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First Aid 2023

Respiratory arrestória: symptoms, causes and what to do

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Respiratory arrestória: symptoms, causes and what to do
Respiratory arrestória: symptoms, causes and what to do

Respiratory arrest corresponds to the interruption of gas exchange in the body for more than 5 minutes, that is, there is no distribution of oxygen to the organs of the body during this period, which can result in irreversible damage to vital organs, such as the heart and brain, for example.

It is common that as a consequence of respiratory arrest, there is a cardiac arrest, characterizing cardiorespiratory arrest. Know how to identify cardiorespiratory arrest and see what to do.

Respiratory arrest is a medical emergency and, therefore, it is recommended that mouth-to-mouth respiration be performed initially, in addition to triggering the SAMU so that the necessary measures are taken, which may involve clearing the airways or mechanical ventilation.


Symptoms of respiratory arrest

The main sign indicative of respiratory arrest is the absence of movements in the chest during inspiration and expiration. In addition, other signs and symptoms that may be indicative of respiratory arrest are:

  • Unconsciousness;
  • Purple face;
  • Blue tongue and nails.
  • No air coming out of the nostrils;
  • Immobility.

It is important that in the presence of signs and symptoms indicative of respiratory arrest, supportive measures are quickly initiated, which usually involve the performance of artificial respiration, such as mouth-to-mouth or mouth-to-nose resuscitation, and contact with SAMU so that the most appropriate treatment can be initiated.

Main causes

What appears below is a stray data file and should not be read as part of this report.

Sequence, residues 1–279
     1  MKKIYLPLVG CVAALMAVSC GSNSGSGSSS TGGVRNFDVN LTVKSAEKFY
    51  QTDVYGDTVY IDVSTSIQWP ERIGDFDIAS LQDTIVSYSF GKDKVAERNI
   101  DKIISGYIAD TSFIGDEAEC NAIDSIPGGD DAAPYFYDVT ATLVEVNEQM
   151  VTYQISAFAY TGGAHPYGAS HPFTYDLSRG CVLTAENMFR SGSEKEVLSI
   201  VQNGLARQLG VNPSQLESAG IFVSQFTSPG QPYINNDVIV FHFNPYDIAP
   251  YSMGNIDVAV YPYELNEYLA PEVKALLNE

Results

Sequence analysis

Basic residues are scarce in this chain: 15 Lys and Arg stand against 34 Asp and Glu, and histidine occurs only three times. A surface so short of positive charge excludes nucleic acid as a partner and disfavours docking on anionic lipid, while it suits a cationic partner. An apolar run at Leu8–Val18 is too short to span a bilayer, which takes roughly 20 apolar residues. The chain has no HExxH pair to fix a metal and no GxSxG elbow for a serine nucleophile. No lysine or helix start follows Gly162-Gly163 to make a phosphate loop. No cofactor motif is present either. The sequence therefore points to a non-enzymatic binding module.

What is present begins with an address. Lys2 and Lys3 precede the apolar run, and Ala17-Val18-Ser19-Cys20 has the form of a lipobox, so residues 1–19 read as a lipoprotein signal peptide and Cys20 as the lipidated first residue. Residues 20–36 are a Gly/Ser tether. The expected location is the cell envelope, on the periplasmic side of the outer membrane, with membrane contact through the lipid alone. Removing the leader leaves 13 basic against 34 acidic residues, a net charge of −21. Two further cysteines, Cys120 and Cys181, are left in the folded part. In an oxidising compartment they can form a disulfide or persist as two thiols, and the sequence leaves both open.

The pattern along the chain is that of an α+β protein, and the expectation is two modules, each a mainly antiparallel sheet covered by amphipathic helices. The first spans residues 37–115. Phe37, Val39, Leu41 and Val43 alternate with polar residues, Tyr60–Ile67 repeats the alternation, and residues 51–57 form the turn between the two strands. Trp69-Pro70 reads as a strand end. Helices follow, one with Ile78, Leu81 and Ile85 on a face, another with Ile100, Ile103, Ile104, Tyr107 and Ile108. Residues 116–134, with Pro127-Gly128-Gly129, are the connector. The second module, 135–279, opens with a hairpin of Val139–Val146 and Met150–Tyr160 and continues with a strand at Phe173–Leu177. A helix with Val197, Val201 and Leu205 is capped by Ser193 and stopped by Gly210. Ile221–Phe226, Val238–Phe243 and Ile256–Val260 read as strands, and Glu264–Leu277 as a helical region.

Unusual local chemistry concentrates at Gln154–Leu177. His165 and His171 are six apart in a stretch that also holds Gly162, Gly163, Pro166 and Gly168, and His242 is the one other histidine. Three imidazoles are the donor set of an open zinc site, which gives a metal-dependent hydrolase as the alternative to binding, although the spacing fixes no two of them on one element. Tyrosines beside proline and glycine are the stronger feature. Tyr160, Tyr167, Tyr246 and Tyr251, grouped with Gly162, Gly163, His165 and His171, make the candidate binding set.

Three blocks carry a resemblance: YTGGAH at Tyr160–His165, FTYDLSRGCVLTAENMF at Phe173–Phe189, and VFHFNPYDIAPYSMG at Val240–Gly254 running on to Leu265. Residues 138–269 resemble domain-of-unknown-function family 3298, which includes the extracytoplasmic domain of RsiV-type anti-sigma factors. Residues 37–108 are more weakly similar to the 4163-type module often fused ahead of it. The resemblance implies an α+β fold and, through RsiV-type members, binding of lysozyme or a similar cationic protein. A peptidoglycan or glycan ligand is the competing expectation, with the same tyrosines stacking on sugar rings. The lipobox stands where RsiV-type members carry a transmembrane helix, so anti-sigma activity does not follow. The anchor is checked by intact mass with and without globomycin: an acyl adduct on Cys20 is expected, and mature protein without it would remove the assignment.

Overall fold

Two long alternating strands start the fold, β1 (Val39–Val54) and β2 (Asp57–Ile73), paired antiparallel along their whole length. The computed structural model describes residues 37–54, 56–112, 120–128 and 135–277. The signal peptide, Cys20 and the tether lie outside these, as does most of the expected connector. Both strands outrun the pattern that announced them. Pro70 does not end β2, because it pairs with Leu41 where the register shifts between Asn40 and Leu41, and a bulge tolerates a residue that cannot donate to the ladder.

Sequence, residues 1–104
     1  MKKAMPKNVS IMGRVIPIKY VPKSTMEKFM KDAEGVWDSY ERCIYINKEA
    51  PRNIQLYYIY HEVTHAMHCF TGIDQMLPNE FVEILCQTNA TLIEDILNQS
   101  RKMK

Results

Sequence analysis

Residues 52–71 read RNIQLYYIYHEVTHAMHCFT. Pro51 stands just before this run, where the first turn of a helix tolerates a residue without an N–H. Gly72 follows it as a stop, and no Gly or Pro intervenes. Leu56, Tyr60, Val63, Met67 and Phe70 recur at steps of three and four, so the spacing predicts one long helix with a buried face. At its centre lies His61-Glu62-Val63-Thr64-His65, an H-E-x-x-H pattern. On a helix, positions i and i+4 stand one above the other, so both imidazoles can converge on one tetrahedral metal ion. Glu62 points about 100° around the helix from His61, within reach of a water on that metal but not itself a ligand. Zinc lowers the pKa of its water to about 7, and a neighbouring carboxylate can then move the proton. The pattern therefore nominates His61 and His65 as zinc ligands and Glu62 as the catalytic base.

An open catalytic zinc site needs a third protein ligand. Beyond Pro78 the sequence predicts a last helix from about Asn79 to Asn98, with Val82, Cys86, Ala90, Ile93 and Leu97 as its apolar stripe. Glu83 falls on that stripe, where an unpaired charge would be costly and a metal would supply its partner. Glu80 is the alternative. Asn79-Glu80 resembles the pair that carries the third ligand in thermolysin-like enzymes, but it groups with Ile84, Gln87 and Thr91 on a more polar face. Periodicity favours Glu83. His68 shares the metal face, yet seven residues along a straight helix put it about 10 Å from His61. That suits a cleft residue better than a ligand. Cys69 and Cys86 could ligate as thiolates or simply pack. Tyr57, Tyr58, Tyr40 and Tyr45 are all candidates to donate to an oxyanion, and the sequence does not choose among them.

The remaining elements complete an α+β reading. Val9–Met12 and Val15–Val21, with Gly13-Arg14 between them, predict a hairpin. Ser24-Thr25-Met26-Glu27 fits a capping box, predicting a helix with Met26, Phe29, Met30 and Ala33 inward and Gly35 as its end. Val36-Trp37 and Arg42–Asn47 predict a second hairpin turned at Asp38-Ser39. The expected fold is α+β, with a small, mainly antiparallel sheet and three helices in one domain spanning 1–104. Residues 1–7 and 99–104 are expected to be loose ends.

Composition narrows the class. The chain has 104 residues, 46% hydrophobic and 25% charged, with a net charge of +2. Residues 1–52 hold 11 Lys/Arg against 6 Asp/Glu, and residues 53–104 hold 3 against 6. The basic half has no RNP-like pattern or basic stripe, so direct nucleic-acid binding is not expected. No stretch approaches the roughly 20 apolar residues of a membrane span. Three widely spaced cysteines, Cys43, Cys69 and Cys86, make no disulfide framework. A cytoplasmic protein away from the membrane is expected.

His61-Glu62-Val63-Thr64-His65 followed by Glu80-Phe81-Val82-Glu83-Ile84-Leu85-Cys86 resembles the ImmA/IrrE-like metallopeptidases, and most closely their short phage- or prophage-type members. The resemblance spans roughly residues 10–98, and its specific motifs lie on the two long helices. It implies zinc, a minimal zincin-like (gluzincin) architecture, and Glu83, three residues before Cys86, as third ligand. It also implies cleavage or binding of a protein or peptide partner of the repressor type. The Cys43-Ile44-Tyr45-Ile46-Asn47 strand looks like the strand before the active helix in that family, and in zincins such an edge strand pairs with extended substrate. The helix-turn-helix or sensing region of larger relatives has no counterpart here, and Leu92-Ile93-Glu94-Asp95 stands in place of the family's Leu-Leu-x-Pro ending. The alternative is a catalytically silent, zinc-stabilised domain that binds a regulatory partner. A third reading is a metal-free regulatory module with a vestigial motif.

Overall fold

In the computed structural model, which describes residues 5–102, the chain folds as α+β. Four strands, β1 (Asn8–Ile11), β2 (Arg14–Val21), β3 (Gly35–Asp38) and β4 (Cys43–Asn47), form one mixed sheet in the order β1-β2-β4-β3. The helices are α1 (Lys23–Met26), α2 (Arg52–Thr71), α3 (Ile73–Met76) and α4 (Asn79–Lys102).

Respiratory arrest can be a consequence of obstruction of the lower or upper airways, due to loss of muscle tone, which causes the tongue to move to the oropharynx and cause obstruction, or be due to the presence of blood, mucus, vomit or foreign body.

Furthermore, respiratory arrest may be a consequence of inhaling vapors or gases, adverse drug effects, nervous system diseases, such as stroke or tumor, or metabolic alterations, for example.

This situation can also happen when there are changes in the respiratory muscles due to diseases, such as myasthenia gravis, botulism or Guillain-Barré syndrome, for example.

What to do

To identify respiratory arrest, it is necessary to call the victim and check if the person is breathing, placing an ear next to the nose and mouth and looking towards the victim's chest.

If you don't feel air coming out of your nose and mouth, you don't hear breathing and you don't see your chest moving, you should call medical help immediately and, if possible, start artificial respiration, which can be mouth-to-mouth or nose-to-mouth resuscitation, which is more suitable for children.

To perform mouth-to-mouth resuscitation, it is important to lay the person on their back, tilt their head, lift their chin, and cover the person's nostrils. Then, place your lips around the victim's lips, inhale naturally, and then blow the air into the person's mouth. See in more detail how to do mouth-to-mouth resuscitation.

In addition, after the team arrives or after the person arrives at the he alth service, more appropriate procedures can be initiated to reverse respiratory arrest, which may involve clearing the airways and performing mechanical ventilation.

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